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Fan View: Five Great Mets Moments 1990 - 2011
In the 26 years since the New York Mets last won the World Series, there hasn't been many moments fans of the team could get excited about. Indeed, the number of good moments have been far outweighed by the moments that make us collectively shake our heads in shame. Such a situation is made worse by the number of great things the crosstown rival Yankees have accomplished in the same period.
Even though this is true, that isn't to suggest there haven't been any good moments for the Mets. If there were not at least a few smile-inducing days along the way, I wouldn't be excited for Spring Training to start. I wouldn't pull on a blue and orange hat each day or look forward to the moments when I get to board a Metro North train to Citi Field to cheer on the team in person.
These are five of the greatest moments in the last 25 years of the Metropolitans. These are the moments that made Mets fans stand up and cheer at the top of their lungs. These are the moments that gave Mets fans a sense of pride for supporting the team even though their friends and family mercilessly teased them for it.
Mike Piazza's home run after 9/11.
This moment stems from the darkest day in American history. When the Mets and Braves took to Shea Stadium as the first game in any sport played after the tragic events of that day, the night was filled with tributes to those who lost their lives. In the middle of a pennant race the Mets badly needed a victory but were down late in the game. Piazza slammed a ball over the centerfield wall and the fans went nuts.
Again at Shea Stadium and late in a tied game to decide who would go to the World Series. When Scott Rolen hit a ball to deep left field, many fans thought the game might be over. A few seconds later they erupted when Chavez made an incredible leaping catch over the wall to save the game, then had the presence of mind to throw the runner out at first base. For a great view from the stands, check this video out.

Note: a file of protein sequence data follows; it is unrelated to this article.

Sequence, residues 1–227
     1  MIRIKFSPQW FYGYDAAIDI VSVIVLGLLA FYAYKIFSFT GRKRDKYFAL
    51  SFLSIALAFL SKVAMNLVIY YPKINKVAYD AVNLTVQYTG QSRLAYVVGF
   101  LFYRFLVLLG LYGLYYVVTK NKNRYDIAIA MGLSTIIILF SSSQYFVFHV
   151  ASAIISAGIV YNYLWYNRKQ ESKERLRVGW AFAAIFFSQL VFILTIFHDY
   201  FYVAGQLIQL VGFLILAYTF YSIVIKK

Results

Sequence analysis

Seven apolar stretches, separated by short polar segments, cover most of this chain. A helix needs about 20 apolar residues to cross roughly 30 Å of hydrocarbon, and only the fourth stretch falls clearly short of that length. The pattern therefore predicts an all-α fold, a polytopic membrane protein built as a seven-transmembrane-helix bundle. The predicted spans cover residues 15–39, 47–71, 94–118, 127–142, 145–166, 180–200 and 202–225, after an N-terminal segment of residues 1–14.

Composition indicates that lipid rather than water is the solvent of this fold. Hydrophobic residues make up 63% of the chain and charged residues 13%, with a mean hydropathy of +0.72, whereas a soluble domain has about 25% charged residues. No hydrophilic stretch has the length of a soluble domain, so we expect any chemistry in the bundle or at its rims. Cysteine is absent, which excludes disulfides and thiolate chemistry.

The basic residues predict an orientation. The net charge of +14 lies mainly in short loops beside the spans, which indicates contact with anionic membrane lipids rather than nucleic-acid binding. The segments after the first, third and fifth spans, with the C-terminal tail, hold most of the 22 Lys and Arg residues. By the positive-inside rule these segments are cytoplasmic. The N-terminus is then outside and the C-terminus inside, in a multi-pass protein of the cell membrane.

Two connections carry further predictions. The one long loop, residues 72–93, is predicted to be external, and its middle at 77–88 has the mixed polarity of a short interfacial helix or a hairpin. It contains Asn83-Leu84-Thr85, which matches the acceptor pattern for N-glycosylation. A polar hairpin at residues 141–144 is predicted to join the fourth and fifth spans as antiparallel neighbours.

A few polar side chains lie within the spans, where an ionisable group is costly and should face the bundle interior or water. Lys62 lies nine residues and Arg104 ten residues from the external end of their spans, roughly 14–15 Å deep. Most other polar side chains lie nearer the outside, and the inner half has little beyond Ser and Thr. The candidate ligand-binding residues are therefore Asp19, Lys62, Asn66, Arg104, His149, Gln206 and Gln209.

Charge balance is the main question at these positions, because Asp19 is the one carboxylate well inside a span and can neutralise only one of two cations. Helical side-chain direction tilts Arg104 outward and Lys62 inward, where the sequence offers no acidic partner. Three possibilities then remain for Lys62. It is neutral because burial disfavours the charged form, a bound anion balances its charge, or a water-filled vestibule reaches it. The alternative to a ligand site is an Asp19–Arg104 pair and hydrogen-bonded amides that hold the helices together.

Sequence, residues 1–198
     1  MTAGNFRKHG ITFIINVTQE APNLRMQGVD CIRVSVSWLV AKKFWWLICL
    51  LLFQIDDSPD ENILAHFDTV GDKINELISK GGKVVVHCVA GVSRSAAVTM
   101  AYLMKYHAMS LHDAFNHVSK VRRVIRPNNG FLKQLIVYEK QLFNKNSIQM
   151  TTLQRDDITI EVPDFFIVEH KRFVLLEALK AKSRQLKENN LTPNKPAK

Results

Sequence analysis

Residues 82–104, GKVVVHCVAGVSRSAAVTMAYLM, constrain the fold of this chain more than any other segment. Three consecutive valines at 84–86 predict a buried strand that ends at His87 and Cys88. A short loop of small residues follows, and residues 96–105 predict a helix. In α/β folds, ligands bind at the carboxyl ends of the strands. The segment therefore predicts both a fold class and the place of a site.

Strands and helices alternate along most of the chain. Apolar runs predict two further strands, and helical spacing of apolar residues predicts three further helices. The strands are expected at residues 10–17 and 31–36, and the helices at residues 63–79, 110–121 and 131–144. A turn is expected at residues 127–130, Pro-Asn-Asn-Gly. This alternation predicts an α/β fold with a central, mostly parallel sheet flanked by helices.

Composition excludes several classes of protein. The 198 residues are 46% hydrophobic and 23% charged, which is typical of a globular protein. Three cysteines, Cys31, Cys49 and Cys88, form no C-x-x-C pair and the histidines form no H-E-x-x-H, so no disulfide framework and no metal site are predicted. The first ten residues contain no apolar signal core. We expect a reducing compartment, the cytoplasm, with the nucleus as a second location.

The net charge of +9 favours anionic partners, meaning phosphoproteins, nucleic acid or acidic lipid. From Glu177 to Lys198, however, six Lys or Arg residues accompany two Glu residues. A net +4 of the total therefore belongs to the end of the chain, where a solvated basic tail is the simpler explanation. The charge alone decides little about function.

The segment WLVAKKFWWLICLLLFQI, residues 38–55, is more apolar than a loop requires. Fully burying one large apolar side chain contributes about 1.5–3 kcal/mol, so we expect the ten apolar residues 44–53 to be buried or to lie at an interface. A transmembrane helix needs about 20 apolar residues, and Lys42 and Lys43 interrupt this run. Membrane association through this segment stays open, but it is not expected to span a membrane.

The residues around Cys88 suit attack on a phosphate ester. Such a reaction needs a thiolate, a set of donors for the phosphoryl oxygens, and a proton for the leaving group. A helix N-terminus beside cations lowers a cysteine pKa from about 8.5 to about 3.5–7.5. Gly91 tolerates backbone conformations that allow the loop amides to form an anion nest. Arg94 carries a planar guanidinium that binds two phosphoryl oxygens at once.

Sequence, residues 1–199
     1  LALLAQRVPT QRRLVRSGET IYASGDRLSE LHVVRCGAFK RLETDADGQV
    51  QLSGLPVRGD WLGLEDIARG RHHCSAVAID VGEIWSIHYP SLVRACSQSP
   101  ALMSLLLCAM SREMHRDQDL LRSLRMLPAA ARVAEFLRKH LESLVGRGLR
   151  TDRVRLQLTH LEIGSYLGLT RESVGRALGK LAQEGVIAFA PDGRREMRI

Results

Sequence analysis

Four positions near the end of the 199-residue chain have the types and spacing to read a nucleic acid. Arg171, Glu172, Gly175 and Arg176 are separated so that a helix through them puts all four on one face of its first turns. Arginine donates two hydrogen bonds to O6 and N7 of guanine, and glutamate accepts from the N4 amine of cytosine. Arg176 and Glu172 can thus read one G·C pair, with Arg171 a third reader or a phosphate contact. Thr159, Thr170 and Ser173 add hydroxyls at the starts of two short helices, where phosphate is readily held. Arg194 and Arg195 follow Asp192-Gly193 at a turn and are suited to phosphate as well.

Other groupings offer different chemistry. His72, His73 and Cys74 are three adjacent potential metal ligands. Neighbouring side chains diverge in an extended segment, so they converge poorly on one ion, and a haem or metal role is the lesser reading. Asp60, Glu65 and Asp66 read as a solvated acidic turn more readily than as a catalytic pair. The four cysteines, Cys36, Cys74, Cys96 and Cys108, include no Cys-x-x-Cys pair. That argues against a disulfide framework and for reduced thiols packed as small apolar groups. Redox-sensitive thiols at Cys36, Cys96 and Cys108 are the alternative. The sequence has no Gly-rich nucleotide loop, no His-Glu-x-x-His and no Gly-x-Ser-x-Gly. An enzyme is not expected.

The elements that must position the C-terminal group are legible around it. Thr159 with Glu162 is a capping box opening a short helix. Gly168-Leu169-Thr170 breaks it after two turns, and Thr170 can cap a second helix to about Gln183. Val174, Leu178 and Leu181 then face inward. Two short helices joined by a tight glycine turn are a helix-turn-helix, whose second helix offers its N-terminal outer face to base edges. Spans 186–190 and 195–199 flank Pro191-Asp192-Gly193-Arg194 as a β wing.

Robin Ventura's Grand Slam single.
In the 1999 NLCS against the rival Braves, the Mets badly needed a victory to force a Game Six. Amazingly, the game went 15 innings, taxing both bullpens. When Ventura came up in the bottom of the 15th with the bases loaded, he drilled a pitch over the fence. His teammates mobbed him just after he touched first, meaning he hit a single over the wall.
John Maine almost pitches a no-hitter in a clutch game.
In the midst of a late-season collapse, it came down to the final two games for the Mets. Needing a victory to stay in contention for the NL East title, John Maine took the mound against the Marlins. 7 2/3 innings later, he still hadn't given up a hit. The fans began to fantasize about him perhaps pitching the first no-hitter in team history. It didn't happen, but it was exciting.
Mets score five runs in the ninth on May 17th, 2007.
This victory might not be well remembered by most fans, but for those of us who were at Shea for that game, it is a moment that we'll never forget. When the Mets came up in the bottom of the ninth down 5-1, the chances of them winning seemed to be a long shot. As they began to score runs, victory became more likely. When Carlos Delgado laced a two run single to win the game, Shea Stadium bounced up and down with the exuberance of the fans it contained. Grown men, strangers, hugged as they cheered as loud as possible.
Allen Orien Avery is a lifelong baseball fan as well as a passionate supporter of the New York Mets. He is also a Featured Contributor for the Yahoo! Contributor Network.
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